Monday, 30 September 2019

Cape Town: The Competition Commission yesterday released the report of the Health Market Inquiry with final findings and recommendations.

In a statement also issued yesterday, Mediclinic Southern Africa provided its initial reaction to the presentation of the final findings and recommendations report by the Health Market Inquiry (HMI) Panel, chaired by Justice Sandile Ngcobo.

“As one of the country’s leading private hospital groups, Mediclinic Southern Africa welcomed the opportunity to constructively participate in the HMI into the private healthcare industry and has from the start of the Inquiry been an active participant therein. Throughout Mediclinic’s participation in the HMI, it held the view that the solutions for the issues facing healthcare can be found through an inclusive and collaborative process. The implementation of the recommendations should support a more sustainable private healthcare environment,” said Koert Pretorius, Chief Executive of Mediclinic Southern Africa. 

The HMI has maintained that the private hospital market is highly concentrated. Mediclinic and other industry stakeholders submitted data analyses and research studies by expert competition economists to the HMI which clearly demonstrate that the HMI’s analyses and conclusions pertaining to market concentration are incorrect and outdated. Furthermore, the HMI’s findings did not indicate market abuse such as anti-competitive or excessive pricing and profits.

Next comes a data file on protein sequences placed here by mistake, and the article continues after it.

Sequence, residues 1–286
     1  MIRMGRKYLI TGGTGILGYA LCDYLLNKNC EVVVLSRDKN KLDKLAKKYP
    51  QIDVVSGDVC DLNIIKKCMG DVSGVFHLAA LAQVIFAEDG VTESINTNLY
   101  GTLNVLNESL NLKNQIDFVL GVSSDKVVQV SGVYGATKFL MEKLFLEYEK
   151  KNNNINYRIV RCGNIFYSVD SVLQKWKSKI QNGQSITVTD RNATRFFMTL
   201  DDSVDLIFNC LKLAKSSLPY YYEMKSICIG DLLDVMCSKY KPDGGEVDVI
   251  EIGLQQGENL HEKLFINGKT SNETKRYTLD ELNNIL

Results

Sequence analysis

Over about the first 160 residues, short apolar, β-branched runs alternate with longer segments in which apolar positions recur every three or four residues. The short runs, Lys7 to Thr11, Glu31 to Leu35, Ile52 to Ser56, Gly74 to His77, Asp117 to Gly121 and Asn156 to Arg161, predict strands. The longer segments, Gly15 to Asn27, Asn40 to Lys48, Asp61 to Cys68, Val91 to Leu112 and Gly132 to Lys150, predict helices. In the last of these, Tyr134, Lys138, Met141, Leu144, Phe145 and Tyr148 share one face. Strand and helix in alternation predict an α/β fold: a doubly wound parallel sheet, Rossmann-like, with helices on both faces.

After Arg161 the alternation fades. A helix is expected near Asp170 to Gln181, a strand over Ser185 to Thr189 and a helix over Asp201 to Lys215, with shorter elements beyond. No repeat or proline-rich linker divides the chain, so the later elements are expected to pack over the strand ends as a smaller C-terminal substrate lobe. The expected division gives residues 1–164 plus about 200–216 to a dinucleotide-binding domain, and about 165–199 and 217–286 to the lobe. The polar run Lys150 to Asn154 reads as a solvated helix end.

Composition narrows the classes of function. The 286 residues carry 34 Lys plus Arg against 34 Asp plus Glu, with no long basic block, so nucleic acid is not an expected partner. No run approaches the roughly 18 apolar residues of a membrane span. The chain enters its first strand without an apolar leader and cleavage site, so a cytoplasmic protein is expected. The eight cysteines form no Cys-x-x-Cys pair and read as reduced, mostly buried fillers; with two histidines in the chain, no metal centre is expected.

Mediclinic therefore supports the recommendation for the continuation of bilateral tariff negotiations between facilities and funders. Mediclinic also takes note of the recommendation to move away from fee-for-service tariffs to alternative reimbursement models (ARMs) where providers enter into risk-sharing arrangements, which is in line with Mediclinic’s strategy. For this to be fully implemented within the envisaged three years, the Health Professions Council of South Africa (HPCSA) ethical rules will need to be amended timeously.

Mediclinic welcomes the fact that the HMI has revised its preliminary stance on divestiture and/or moratoria on new licenses as contained in the HMI preliminary report of July 2018. In line with its submissions, Mediclinic notes that the HMI has found that there is no need to break up private hospital groups or to cap market share.

The HMI report recommends the creation of an Outcomes Monitoring and Reporting Organisation (OMRO) as a platform for providers, patients and all other stakeholders in the provision of healthcare to generate patient-centred and scientific robust information on outcomes of healthcare.

Mediclinic welcomes the recommendation for the establishment of such an independent, private organisation to generate relevant and standardised outcomes information. Quality outcomes information has been an ongoing issue as flagged by Mediclinic’s participative submissions in the HMI process.

Mediclinic welcomes the recommendation that health outcomes should be measured and reported upon for purposes of monitoring and benchmarking performance in a defined and standardised manner. This will provide patients, healthcare professionals and funders with greater transparency on clinical performance information.